Freezing orders and third-party assets [ENGLISH].

Freezing orders and third-party assets [ENGLISH].

Abstract: Asstes of third parties controlled (de facto or de jure) by the respondent are commonly outside the scope of a freezing injunction unless exceptional circumstances.

 

In the case of FM Capital Partners Ltd v Frédéric Marino, Aurélien Bessot, Yoshiki Ohmura, and Marit Sjovaag [2018] EWHC 2889 (Comm), the English High Court held that if a company wholly owned or controlled by the respondent is a non-trading company without an active business, and the respondent deals with or disposes of that company’s assets outside the ordinary course of business, that conduct may be enjoined by the terms of a freezing injunction.
In this exceptional circumstances the third party’s assets can be within the scope of the freezing injuction.
In all other circumstances, the proper course of conduct is for an application to be made to join the third party as a respondent to the order itself.

 

Facts

A Worldwide Freezing Order was granted in July 2018 following the High Court’s judgment against Mr Ohmura (the Respondent) for dishonest assistance in acts of bribery and breaches of fiduciary duty by the First Defendant.
This WFO, prohibited the Respondent from disposing of, diminishing in value, or otherwise dealing with his assets up to a value of US$ 11,250,000.

On 9 October 2018, Peter McDonald Eggars QC had dismissed an application by Mr Ohmura for the discharge of that freezing order.
The claimant in the action also applied for an order for further disclosure in respect of Mr Ohmura’s assets, and also a variation of the freezing order to reduce the values of transactions which required notification.
Mr Ohmura’s application was that the freezing order should not attach to the assets of several companies.

For the most of the assets, Mr Ohmura had 100% direct or indirect shareholding and was a director along with his sister. and he underlined that the companies’ assets belonged to and were in the control of third parties and not his self.
The claimant argued that the companies’ assets were covered by the freezing order indirectly because if a company decreases it assets it reduced the value of Mr Ohmura’s shareholding in that company.

On deciding the point, the judge discussed the cases of Lakatamia Shipping Co Ltd v Su, Group Seven Ltd v Alive Investment Corporation Limited and JSC BTA Bank v Ablyazov. H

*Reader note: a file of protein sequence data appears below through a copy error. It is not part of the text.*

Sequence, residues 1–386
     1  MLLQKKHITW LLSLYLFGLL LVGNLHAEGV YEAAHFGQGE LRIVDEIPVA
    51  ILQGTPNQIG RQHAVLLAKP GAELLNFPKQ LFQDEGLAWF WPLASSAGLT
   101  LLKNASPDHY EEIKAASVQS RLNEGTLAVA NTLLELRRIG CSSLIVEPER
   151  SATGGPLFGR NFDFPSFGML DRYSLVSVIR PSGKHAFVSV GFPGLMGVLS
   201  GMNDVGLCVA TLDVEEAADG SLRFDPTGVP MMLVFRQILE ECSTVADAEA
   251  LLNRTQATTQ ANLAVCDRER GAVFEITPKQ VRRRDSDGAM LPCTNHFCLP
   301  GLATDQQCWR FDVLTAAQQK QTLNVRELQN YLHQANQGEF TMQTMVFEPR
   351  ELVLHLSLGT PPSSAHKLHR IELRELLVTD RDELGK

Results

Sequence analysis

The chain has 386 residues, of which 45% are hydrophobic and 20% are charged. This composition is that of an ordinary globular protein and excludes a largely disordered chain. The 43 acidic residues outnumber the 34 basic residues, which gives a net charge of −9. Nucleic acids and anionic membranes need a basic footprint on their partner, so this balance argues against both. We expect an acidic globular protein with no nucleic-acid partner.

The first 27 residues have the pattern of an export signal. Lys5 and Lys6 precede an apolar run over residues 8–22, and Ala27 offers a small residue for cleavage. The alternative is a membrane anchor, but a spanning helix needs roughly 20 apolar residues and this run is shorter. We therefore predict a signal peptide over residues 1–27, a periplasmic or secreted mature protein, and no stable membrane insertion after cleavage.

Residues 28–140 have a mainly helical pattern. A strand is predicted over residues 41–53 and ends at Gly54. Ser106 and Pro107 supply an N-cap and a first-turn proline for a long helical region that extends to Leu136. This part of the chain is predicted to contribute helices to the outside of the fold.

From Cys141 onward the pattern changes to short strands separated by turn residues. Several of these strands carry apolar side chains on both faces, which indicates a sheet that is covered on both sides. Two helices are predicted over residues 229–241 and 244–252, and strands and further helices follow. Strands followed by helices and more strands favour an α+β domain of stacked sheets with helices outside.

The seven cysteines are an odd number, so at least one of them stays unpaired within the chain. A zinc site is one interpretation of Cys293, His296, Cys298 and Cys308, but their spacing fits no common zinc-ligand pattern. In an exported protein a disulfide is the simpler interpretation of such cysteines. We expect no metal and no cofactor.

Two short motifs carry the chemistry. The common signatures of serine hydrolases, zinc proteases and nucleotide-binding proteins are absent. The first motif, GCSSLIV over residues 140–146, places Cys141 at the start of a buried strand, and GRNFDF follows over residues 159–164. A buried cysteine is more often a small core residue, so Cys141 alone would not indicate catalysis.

e quoted Lord Clarke from the Supreme Court Ablyazov decision:
The extended definition of assets in the standard form of freezing order captured assets which are not owned legally or beneficially by the respondent, but over which the respondent has control and has the power to dispose of or deal with as if he or she did. In other words the extended definition expands the ordinary meaning of assets.”

It was the judge’s view that the extended definition did not apply to assets over which the respondent has control, but which the respondent does not legally or beneficially own.

He therefore found that the freezing order did not apply to the assets of the companies in which Mr Ohmura had a direct or indirect shareholding. Mr Ohmura also argued successfully that other variations should be made to the freezing order, including a curtailment of the clause referring to him having an interest in assets legally, beneficially or otherwise. This is because there was no evidence that Mr Ohmura owned any assets as a trustee nominee or any other basis other than as the legal or beneficial owner.

 

The judge also gave the claimant some satisfaction. In relation to notification of the sale of assets from the companies owned by Mr Ohmura, the claimant had to be notified of any dealing or disposal of assets.
The claimant sought an order for further disclosure of information relating to:

  • All transfers of more than a specified limit made from Mr Ohmura and two bank accounts belonging to his companies since 2015.
  • Details of the turnover and profit made by the companies.
  • Other information that had been requested in inter partes correspondence.

The judge allowed the order for further disclosure with the following reasons:

  • He had already decided there was a real risk of dissipation of assets.
  • There was an obvious discrepancy between the funds and assets which were at one time held by Mr Ohmura and the assets actually disclosed by him.
  • Mr Ohmura did not originally comply with the disclosure order made in the worldwide freezing order dated September 2018.

Such an order was justified in order to identify not only what assets were held by Mr Ohmura, but what has become of any assets which he may have dissipated.

The disclosure was not burdensome and could be provided without substantial expense.

 

Conclusions:

This case judgment’s  confirmed that third-party assets will remain outside the scope of such a freezing injunction unless:

  • the respondent can be held to have a legal/beneficial interest in the assets and
  • exceptional circumstances can be established, or
  • the third party in question is named as a co-respondent to the freezing injunction.

 

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